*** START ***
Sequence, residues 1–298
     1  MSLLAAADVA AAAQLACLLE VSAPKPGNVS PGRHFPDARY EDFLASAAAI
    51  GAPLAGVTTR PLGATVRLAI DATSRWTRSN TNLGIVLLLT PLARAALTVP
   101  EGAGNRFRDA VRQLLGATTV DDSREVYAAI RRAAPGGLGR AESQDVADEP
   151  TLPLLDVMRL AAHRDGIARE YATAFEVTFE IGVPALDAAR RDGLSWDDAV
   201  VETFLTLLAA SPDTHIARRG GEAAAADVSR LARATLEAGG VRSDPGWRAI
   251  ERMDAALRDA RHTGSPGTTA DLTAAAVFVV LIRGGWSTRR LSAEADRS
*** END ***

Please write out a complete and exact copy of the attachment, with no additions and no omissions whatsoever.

Sequence, residues 1–298
     1  MSLLAAADVA AAAQLACLLE VSAPKPGNVS PGRHFPDARY EDFLASAAAI
    51  GAPLAGVTTR PLGATVRLAI DATSRWTRSN TNLGIVLLLT PLARAALTVP
   101  EGAGNRFRDA VRQLLGATTV DDSREVYAAI RRAAPGGLGR AESQDVADEP
   151  TLPLLDVMRL AAHRDGIARE YATAFEVTFE IGVPALDAAR RDGLSWDDAV
   201  VETFLTLLAA SPDTHIARRG GEAAAADVSR LARATLEAGG VRSDPGWRAI
   251  ERMDAALRDA RHTGSPGTTA DLTAAAVFVV LIRGGWSTRR LSAEADRS